According to Sean Bittner, a third-year bioengineering graduate student at Rice, a National Science Foundation fellow and lead author of the paper, “3D-printed tissues for injuries. Athletes are disproportionately affected by these injuries, but they can affect everybody. I think this will be a powerful tool to help people with common sports injuries.
For the most part, the composition will be the same from patient to patient. There’s porosity included so vasculature can grow in from the native bone. We don’t have to fabricate the blood vessels ourselves.”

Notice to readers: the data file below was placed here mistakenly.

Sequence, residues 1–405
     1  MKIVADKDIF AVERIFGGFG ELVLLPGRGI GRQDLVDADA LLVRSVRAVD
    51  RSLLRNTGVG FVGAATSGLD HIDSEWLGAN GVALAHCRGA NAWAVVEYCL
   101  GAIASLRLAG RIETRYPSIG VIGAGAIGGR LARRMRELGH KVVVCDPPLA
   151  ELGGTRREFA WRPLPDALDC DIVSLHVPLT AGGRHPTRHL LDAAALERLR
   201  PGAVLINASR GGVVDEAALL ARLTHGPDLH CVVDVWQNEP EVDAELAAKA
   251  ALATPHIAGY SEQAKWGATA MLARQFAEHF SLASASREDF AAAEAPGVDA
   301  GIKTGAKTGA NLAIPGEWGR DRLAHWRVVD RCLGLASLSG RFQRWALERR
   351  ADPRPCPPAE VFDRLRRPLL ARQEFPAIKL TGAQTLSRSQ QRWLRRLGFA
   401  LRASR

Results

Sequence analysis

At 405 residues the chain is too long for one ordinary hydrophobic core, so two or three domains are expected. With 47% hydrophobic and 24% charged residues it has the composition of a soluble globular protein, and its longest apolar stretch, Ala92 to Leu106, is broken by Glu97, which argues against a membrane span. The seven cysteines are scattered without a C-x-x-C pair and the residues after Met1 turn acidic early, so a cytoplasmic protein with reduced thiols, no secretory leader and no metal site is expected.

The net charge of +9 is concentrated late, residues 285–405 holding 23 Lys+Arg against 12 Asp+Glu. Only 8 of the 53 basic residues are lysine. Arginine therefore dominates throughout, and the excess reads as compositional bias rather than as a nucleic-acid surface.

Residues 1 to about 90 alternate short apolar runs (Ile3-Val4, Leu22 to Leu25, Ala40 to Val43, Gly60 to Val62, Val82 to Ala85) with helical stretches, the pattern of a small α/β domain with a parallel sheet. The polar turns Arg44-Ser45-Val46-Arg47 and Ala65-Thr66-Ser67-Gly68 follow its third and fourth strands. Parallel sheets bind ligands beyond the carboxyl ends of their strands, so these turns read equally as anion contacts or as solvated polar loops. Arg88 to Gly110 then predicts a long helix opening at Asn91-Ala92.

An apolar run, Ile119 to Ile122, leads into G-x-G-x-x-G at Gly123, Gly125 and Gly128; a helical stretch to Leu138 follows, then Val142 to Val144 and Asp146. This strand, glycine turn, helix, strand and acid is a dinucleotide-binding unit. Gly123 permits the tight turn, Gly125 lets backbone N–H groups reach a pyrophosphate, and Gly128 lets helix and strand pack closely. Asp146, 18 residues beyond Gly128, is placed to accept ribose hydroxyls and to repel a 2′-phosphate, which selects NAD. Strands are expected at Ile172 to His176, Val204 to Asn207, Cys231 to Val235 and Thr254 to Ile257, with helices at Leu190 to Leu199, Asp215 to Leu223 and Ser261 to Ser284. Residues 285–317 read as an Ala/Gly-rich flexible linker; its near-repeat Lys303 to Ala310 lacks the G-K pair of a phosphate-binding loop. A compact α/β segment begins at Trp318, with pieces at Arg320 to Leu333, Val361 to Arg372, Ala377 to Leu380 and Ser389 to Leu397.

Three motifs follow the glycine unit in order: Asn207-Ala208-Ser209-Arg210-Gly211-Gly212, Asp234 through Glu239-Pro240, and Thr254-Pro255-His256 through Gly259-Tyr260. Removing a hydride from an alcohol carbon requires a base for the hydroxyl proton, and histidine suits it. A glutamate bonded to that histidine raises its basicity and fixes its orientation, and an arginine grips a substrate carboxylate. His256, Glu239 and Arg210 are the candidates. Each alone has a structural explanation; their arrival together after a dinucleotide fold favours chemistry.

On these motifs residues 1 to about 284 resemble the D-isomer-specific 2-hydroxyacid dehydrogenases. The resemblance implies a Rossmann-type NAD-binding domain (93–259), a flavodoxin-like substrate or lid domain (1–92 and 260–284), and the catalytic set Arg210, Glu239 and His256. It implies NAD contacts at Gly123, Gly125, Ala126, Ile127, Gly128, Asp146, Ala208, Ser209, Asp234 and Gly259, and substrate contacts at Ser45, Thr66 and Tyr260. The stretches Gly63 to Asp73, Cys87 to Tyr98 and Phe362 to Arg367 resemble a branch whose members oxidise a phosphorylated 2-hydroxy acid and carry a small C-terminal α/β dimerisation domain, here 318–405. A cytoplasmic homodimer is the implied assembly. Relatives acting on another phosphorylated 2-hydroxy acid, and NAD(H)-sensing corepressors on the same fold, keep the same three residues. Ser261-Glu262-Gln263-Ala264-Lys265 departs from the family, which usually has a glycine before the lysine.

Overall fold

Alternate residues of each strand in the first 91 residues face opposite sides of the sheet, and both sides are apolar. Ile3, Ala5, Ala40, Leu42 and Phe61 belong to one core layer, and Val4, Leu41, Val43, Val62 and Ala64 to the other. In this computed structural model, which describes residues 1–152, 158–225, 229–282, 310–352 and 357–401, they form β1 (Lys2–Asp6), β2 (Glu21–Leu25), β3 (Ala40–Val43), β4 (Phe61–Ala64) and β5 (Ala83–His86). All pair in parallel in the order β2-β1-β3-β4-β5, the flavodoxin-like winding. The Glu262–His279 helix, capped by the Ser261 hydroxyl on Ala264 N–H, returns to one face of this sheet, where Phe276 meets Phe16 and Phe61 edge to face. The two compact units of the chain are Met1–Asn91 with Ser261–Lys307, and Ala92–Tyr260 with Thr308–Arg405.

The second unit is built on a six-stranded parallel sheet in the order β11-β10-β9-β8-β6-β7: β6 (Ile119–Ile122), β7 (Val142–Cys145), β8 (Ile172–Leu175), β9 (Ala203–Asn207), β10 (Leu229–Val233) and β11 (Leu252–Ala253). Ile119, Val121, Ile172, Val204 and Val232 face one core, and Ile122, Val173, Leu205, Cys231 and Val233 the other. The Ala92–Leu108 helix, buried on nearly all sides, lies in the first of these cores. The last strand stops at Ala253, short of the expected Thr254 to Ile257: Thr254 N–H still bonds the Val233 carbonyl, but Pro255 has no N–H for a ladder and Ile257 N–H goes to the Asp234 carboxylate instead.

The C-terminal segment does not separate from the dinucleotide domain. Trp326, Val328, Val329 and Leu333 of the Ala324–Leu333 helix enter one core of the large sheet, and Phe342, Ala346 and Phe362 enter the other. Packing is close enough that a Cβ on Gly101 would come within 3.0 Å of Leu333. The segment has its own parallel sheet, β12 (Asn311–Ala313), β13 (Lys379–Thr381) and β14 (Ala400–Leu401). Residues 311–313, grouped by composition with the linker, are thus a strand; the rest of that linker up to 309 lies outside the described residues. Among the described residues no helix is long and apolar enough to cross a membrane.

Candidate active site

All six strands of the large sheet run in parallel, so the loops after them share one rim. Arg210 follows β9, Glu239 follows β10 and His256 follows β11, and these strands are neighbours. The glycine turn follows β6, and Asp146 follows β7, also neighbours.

According to the Department of Energy’s Oak Ridge National Laboratory ORNL’s Brian Post, the project’s advanced manufacturing engineer, Diana Hun, lead buildings researcher on the project. We didn’t know if 3D-printed molds could be made to work for the precast industry. But we thought it was worthwhile to examine the potential. With the Domino project, the challenge was to find the right solution for a job that required durable molds that could be used numerous times. We proved that each 3D printed mold could cast at least 200 concrete parts, which was key to meeting the project’s schedule. Each mold takes between 8 to 11 hours to print and 8 hours to the machine to the desired surface finish”.
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